Now that I think of it, I realize I would like to see more venues where speaking a little bit of a foreign language was celebrated instead of a point of embarrassment.  Many folks I know lament that they don’t know Spanish/French/etc. “better,” rather than speaking and using what they know.  If these folks could practice whatever they know, just speaking it in public might give them some more motivation to learn a little better.  Rather than beating themselves up for not speaking fluently, they can enjoy speaking to the best of their ability.  For example, I know that I enjoy employing my rote-memorized Somali phrases in a few set situations.  Also, my young polyglot friend–of whom I’ve spoken before–speaks a little Greek.  So when he found out that his Spanish teacher knows some Greek, he brought it out for fun.  This church service manifests that such fun comes out for a lot of people–not just polyglots.

I think if we can make rote use of languages in public common, then we can all strengthen our language foundation, ultimately improving our chances of attaining fluency.  What are opportunities we see regularly or can initiate for people to speak publicly in their budding foreign language?  Comment, share on Twitter or Facebook–let’s see what ideas people have!

Setting goals and moving towards the center

Slight, accurate motion causes great, effective movements
Slight, accurate motion causes great, effective movements

This week I was looking at the website of a guy I know; he gives advice about how to reach goals by using small communities of ambitious friends to support each other.  The first piece of advice that struck me, though, was, in his words, “stop the bleeding.”  He recommended naming bad habits and using time spent on them for the goals we want to accomplish.  One of my bad habits is compulsively checking email and Facebook, so I took some time away from those activities this week, and I accomplished a few things that I would not have done otherwise.  I haven’t done the second important piece of advice–examine “why” I want to do these things.  I’ll discuss that in a minute.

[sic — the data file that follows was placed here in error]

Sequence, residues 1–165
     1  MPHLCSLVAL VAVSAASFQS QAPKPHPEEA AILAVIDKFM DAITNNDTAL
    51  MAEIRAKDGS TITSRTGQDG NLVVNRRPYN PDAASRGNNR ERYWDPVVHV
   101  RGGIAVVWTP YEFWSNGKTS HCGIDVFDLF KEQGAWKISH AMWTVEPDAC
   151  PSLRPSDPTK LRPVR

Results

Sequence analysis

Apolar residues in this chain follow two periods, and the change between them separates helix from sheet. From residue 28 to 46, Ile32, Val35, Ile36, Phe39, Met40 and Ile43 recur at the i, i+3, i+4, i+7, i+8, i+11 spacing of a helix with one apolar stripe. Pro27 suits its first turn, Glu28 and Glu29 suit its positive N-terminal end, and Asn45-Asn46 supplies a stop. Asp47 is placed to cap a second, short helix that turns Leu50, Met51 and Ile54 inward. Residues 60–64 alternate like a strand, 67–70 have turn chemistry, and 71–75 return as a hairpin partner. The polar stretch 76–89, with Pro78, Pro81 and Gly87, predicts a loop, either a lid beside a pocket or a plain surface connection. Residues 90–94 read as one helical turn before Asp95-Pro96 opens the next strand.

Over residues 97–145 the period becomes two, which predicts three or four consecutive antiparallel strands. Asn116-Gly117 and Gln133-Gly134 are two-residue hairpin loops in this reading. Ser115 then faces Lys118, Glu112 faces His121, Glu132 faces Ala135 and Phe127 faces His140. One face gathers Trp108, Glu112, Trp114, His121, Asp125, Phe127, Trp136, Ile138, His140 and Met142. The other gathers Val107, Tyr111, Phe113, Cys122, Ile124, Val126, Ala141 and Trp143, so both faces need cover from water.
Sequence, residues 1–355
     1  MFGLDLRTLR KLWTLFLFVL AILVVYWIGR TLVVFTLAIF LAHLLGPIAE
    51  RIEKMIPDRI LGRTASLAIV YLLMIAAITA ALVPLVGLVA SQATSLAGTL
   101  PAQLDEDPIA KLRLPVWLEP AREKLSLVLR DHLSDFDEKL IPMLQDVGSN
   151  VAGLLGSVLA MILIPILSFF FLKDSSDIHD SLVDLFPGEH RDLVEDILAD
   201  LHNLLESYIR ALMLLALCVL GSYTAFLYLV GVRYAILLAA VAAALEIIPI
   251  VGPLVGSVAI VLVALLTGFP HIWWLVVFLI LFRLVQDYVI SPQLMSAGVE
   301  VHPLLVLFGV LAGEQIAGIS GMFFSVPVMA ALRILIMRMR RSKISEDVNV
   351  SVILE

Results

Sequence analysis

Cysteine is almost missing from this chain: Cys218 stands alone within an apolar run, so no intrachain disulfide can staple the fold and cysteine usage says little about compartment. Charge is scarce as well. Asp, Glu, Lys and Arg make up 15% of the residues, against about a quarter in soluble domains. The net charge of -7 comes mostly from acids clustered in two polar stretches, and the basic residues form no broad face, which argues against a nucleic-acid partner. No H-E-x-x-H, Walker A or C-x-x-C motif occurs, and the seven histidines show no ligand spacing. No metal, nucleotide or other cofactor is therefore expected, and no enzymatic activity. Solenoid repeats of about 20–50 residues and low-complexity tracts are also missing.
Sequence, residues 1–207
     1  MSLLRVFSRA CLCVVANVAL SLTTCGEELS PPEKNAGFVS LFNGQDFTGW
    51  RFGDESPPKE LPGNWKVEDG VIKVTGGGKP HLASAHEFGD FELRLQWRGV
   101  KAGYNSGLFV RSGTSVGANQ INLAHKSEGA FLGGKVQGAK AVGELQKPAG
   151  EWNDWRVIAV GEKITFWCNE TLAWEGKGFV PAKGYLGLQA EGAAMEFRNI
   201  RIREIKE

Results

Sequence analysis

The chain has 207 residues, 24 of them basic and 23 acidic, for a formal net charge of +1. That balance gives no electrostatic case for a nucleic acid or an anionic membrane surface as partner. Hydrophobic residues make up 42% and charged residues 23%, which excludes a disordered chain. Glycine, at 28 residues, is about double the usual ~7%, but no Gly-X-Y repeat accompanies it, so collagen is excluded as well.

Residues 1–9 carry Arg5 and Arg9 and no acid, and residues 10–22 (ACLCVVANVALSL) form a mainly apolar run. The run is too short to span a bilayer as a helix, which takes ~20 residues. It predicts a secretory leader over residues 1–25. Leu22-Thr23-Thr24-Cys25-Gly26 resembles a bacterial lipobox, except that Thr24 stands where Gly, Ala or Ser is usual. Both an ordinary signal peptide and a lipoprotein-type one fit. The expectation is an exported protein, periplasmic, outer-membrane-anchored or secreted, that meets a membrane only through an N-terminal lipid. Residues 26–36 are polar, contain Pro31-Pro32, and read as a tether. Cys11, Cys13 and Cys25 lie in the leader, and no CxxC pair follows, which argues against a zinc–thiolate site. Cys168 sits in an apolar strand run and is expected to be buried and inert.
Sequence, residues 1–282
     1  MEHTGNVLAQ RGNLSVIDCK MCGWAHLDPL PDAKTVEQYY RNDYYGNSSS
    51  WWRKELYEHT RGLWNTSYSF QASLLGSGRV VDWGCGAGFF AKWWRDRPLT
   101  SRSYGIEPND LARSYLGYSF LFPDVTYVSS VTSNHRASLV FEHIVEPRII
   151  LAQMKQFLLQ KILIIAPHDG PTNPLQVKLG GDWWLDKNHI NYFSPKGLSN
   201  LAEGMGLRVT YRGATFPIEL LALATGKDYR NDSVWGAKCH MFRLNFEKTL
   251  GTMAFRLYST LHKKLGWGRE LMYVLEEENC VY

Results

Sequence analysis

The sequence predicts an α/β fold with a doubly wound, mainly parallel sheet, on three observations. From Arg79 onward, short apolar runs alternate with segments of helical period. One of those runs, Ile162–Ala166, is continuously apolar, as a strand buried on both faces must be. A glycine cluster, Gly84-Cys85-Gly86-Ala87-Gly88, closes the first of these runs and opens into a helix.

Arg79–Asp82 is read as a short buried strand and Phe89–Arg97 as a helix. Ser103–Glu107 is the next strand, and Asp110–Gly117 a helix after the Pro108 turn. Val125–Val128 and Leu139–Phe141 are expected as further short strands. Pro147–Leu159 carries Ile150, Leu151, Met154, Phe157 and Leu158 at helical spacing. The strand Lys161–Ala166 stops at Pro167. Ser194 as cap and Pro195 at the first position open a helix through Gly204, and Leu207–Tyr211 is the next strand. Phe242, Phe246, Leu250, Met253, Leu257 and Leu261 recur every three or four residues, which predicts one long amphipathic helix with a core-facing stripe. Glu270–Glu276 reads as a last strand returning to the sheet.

Before I list the things that I accomplished, I’ll briefly mention a simple tool that I used.  I set up a spreadsheet on Google Docs.  I put multiple tabs, one for each large goal: start a side business, expand language offerings in the public schools, learn Farsi, learn Somali, develop methods for learning languages at work, and blog.  On the spreadsheet I write individual tasks that I think well keep me moving.  I date when I put tasks down and when I finish them.  I also want to put down a deadline for myself, but I’m afraid of that much commitment at this point.  This way I can actually see what I’m getting accomplished and plan a little more deliberately.

Here are some of the things I actually accomplished.

  • Business.  I have a website that is nearly complete.  It still needs some photos, so I talked to my friend’s wife, who is a photographer, and some international friends at work who will pose with me.  Once the photos are up, I should be done with the site, ending that phase.
  • Languages in Schools.  I contacted a person who has already been working on Somali language in the Minneapolis Schools.  I’m planning on another meeting maybe next Saturday–I ran the idea past my friend/partner.  I’ve put together a list of names to invite to the meeting, and I created an agenda that is manageable for a 1-1.5 hour meeting.